If you have sex, getting a sexually transmitted diseases (STD) is always a potential risk. The more frequently you have new partners, the greater the risk you face. But the truth is that almost anyone can get infected by an STD, and women are more likely than men to experience long-term health consequences from STDs.
Although using condoms may help to reduce transmission, abstinence is really the only way to truly prevent STDs. Not all STDs have symptoms, so STD testing is the best way to know if you’re infected. Our OB/GYN, Dr. Alan Patterson, explains who needs to be tested for STDs.
The first thing to know about STDs is which diseases are sexually transmitted, which includes the following:
It’s also important to know that STDs can be spread by not only vaginal sexual activity, but also oral and anal sex.
Both men and women can have STDs, but they may or may not have symptoms. Even if you don’t have symptoms, you can still spread the virus to your partner (or they to you.) Here’s an overview of who should get tested and when.
If you have symptoms of an STD, which may include vaginal or penile discharge, itching, or burning, you should definitely get tested right away. Dr. Patterson can discreetly perform the testing right in his office and prescribe medications to treat certain STDs if you test positive.
The Centers for Disease Control and Prevention recommends that all sexually active women under 25 get tested every year for both gonorrhea and chlamydia.
Women who are over 25 years old should also get tested at least yearly for gonorrhea and chlamydia. Left untreated, chlamydia and gonorrhea may lead to a serious infection called pelvic inflammatory disease, which can cause infertility and pain.
All people between the age of 13 and 64 should be tested at least once for HIV, the virus that leads to AIDS.
Pregnant women should be tested, preferably early in pregnancy, for gonorrhea, chlamydia, and hepatitis B. These infections can damage the health of a developing baby, so it’s important to test for them as soon as possible. Antibiotics can often treat gonorrhea and chlamydia, although some cases of antibiotic-resistant infection have been seen.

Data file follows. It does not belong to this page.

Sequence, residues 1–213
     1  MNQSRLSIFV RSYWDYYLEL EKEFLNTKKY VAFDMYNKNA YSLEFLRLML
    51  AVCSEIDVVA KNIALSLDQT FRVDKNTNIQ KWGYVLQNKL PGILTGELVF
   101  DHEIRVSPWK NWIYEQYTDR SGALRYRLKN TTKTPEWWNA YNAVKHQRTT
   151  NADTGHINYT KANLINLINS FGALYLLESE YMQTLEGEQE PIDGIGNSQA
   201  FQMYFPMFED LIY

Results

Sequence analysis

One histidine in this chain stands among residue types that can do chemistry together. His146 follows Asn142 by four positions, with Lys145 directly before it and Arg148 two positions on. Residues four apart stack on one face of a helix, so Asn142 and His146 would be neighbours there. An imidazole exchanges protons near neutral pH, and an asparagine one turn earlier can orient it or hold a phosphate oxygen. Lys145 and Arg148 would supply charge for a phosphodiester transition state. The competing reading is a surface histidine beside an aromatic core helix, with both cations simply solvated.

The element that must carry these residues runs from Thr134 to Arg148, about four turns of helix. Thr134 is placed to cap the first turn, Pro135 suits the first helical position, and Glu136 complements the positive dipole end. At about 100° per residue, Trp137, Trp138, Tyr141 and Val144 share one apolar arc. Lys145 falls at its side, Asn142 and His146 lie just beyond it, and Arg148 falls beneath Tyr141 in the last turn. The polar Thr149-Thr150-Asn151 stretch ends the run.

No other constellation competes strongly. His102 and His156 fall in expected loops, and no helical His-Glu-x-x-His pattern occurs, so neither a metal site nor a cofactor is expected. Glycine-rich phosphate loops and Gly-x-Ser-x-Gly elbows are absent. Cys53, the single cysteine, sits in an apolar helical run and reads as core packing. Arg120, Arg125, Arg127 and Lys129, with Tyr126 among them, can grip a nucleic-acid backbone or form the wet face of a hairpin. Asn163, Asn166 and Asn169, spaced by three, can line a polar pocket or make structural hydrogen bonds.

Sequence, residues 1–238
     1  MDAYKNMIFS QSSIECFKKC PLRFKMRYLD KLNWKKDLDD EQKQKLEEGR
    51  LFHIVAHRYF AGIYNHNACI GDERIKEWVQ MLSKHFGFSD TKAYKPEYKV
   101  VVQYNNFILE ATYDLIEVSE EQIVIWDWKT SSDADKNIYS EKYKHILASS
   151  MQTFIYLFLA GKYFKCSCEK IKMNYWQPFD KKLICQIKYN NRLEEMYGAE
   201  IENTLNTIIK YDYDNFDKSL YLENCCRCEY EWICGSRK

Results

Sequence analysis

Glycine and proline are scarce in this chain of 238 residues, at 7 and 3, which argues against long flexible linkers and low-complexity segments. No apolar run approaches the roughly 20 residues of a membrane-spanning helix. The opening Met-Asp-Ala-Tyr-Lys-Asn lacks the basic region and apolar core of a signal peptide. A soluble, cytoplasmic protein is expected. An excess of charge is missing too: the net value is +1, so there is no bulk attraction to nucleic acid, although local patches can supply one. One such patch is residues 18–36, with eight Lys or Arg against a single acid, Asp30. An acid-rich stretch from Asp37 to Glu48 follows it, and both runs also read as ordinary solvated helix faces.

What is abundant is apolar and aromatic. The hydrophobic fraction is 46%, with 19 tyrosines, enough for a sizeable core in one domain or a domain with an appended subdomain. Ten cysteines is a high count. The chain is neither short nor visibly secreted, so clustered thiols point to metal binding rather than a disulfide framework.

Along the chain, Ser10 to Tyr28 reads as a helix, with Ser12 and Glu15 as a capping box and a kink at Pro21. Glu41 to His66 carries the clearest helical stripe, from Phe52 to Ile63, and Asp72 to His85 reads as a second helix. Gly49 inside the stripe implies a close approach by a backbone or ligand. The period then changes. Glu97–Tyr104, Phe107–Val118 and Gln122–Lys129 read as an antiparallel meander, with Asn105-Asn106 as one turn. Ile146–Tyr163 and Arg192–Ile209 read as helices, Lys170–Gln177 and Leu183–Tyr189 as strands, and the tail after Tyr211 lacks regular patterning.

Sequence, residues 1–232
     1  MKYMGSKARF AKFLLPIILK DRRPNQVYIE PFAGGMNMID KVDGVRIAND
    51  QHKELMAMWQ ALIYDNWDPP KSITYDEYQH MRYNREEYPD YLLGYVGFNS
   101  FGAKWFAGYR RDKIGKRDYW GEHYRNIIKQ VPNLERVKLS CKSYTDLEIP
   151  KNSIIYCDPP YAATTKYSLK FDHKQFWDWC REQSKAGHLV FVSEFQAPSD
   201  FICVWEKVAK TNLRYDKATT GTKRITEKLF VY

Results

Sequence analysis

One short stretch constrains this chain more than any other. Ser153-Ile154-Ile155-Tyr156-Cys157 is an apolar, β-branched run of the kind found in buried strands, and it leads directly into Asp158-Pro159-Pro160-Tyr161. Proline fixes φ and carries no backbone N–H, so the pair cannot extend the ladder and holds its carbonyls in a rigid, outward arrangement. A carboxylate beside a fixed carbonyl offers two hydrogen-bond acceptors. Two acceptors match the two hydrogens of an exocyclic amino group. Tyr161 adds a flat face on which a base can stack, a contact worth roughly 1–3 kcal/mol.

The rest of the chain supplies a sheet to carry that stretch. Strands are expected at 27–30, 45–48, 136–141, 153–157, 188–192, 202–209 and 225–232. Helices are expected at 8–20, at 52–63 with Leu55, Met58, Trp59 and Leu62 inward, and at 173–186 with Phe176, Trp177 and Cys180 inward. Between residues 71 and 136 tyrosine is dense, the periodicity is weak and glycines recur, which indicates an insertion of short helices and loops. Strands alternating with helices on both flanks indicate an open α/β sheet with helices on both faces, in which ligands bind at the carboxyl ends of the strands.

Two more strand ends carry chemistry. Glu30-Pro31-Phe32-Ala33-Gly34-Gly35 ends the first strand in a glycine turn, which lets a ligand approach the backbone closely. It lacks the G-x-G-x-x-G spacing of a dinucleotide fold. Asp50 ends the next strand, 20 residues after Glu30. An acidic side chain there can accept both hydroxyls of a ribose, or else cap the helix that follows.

If you use drugs intravenously -- even if you only do so once -- this significantly increases your risk of contracting a sexually transmitted disease. Similarly, if your partner uses drugs intravenously, you’re at risk, too.
If your partner has sex with men, even sometimes, you are at increased risk of contracting STDs. You’re also at risk if your partner has sex with other women. Monogamy is far less risky in terms of STDs than having additional partners.
If you’re experiencing the symptoms of an STD and live in or around Coral Springs, Florida, call our office right away. Even if you’re not having symptoms but would just like the peace of mind that testing offers, we’re happy to provide it. Call the office of Dr. Alan Patterson today or request an appointment online.
1. We are still seeing obstetrics patients in our office to ensure that our pregnant patients are getting the care they need. If you are pregnant, please call us to book your appointment today. We are also seeing patients in our office for prenatal care and annual well-woman exams, as well as those who are having gynecological problems or emergencies.
2. Here's what we're doing to ensure the safety of our patients who come into the office for their appointments:
3. We are offering Telemedicine appointments for the following conditions: yeast infections, UTIs, birth control consults, vaginitis (vaginal infections), hormone replacement therapy consults, pre-menopause, menopause, amenorrhea, and abnormal periods. Please call us to determine if your need for services qualifies for a telemedicine appointment.